In United States v. Commonwealth of Pennsylvania, Department of Environmental Resources, 923 F.2d 1071 (3d Cir. 1991), the Third Circuit applied a limiting factor from Brillhart to draw a distinction between declaratory judgment actions that district courts should entertain, and those in which jurisdiction ought to be declined. Id. at1075. It concluded that the district court did not have open-ended discretion to decline jurisdiction over a declaratory judgment action when the issues included: (a) federal statutory interpretation; (b) the government's choice of a federal forum; (c) an issue of sovereign immunity; or, (d) inadequacy of the state proceeding. Id. at 1076-1079. None of these elements exist in this instance.
A federal court should also decline to exercise its discretionary jurisdiction when doing so would promote judicial economy by avoiding duplicative and piecemeal litigation. State Auto Ins. Cos. v. Summy, 234 F.3d at 135, citing Mitcheson v. Harris, 955 F.2d 235, 239 (4th Cir. 1992). In this instance, AMCO has filed a Complaint against these Defendants seeking monetary damages. The Defendants have asserted Pennsylvania's Statute of Repose as an affirmative defense in the action, therefore, this Court will have to decide the very issue on which AMCO seeks as a declaration in the instant case.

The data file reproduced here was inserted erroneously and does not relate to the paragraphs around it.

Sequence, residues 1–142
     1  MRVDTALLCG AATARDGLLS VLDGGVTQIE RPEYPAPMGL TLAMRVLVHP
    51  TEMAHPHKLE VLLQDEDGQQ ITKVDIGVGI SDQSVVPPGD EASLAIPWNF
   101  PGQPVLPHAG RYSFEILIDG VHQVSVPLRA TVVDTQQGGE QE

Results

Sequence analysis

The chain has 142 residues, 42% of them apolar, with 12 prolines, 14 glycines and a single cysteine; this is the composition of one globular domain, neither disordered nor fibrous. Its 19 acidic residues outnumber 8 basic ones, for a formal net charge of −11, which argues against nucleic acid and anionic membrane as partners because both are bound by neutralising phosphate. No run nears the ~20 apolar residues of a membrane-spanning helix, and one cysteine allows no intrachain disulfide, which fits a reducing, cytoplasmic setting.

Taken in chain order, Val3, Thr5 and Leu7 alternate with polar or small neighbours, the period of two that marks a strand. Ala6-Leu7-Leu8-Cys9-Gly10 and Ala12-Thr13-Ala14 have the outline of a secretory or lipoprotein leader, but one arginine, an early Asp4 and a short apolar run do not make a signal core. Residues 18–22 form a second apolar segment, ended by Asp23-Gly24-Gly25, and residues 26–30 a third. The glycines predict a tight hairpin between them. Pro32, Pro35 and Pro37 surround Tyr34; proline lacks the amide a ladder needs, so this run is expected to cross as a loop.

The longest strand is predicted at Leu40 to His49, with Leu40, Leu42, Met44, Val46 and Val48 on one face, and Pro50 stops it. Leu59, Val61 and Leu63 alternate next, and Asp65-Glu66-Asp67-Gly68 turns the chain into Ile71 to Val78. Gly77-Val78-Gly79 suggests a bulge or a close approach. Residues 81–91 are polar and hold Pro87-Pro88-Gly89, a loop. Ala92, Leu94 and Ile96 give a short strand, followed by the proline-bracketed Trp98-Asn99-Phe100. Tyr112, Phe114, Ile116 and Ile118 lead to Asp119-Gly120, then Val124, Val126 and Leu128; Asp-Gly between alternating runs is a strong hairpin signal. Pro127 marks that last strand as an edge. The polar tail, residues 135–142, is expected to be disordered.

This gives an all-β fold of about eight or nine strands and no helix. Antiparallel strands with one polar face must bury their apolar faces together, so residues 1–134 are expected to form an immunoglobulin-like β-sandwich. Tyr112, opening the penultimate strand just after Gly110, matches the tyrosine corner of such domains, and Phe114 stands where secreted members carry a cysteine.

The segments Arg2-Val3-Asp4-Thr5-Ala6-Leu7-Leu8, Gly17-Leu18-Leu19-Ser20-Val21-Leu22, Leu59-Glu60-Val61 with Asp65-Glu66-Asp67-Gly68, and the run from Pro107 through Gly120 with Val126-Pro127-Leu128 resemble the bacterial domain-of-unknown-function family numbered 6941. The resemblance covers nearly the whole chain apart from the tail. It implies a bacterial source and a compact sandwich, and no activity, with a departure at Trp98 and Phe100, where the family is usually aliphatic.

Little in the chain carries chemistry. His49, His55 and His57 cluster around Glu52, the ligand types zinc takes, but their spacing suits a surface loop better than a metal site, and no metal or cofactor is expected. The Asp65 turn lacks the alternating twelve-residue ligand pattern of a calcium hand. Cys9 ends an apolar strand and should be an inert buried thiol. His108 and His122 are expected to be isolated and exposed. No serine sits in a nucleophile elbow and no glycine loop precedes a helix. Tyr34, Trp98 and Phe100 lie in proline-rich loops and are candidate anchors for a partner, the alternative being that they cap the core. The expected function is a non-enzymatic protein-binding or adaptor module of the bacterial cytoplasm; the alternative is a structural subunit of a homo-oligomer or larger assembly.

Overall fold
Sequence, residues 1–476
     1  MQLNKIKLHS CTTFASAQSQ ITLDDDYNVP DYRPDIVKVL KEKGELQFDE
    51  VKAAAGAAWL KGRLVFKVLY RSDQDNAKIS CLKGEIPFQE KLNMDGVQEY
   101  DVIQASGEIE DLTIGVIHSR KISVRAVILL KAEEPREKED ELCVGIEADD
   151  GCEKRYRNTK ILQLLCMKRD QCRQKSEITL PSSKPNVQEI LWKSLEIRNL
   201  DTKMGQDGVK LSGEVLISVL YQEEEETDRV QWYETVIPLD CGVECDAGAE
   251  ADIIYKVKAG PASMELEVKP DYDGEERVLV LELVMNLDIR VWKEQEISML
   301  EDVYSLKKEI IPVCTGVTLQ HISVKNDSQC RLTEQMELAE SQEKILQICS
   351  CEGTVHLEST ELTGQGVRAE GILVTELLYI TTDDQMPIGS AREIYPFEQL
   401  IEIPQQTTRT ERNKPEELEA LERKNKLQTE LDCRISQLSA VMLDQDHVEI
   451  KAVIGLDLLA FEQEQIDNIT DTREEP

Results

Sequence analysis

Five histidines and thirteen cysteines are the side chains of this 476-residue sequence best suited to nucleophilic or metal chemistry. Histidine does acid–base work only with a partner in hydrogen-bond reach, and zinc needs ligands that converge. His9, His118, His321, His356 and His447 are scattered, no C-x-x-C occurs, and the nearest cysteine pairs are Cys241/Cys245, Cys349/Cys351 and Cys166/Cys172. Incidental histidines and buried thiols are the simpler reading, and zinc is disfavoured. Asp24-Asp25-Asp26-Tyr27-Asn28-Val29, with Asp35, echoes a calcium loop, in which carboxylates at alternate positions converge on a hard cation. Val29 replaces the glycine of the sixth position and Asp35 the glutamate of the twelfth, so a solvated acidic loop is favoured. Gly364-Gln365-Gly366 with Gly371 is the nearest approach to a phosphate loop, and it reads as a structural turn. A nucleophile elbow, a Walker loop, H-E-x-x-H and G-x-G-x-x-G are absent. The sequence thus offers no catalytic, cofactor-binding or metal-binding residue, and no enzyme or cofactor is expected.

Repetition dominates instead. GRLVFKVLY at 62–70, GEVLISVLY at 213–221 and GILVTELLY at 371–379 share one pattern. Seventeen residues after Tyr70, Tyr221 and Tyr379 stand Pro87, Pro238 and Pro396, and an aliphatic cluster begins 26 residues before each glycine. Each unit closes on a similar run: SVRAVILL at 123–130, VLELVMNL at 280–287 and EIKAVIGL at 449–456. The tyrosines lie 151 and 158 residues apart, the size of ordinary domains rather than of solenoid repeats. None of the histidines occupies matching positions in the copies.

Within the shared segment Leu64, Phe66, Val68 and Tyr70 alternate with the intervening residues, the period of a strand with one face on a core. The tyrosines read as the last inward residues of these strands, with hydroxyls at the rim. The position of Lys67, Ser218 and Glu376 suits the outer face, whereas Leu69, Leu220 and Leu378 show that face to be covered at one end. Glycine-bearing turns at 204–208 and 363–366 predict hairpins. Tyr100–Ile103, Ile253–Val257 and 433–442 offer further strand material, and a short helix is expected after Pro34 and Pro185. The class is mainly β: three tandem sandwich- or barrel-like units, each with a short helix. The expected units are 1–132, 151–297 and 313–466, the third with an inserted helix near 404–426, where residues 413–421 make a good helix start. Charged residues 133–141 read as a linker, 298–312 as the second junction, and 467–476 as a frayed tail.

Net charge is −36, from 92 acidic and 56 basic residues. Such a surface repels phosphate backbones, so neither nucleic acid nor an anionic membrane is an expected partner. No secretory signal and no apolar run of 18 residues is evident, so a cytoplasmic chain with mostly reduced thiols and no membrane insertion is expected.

As a practical matter, and to avoid duplicative and piecemeal litigation, the applicability of the statute of repose is best decided, after proper discovery, in AMCO's action for monetary damages. Moreover, "[a]ny judgment in this action . . . would not resolve the entire case or controversy . . ., but would merely determine a collateral legal issue governing certain aspects of . . . pending or future suits." Calderone v. Ashmus, 523 U.S. 740, 747 (1998). AMCO seeks a declaratory judgment as to the validity of a defense the Defendants have raised in the subsequent litigation, the adjudication of which will not finally or conclusively resolve the underlying controversy. This not a proper use of the a declaratory judgment action. See MedImmune, Inc. V. Greentech, Inc., 549 U.S. 118, 127 (2007). AMCO's amended complaint seeking declaratory judgment, therefore, must be dismissed.
Notwithstanding this Court's finding above, AMCO has failed to satisfy the constitutional case or controversy requirement. In the Third Circuit, to satisfy the constitutional case or controversy requirement an action must present "(1) a legal controversy that is real and not hypothetical; (2) a legal controversy that affects an individual in a concrete manner so as to provide the factual predicates for reasoned adjudication, and (3) legal controversy so as to sharpen the issues for judicial resolution." Armstrong World Industries, Inc. v. Adams, 961 F.2d 405, 411 (3d Cir. 1992).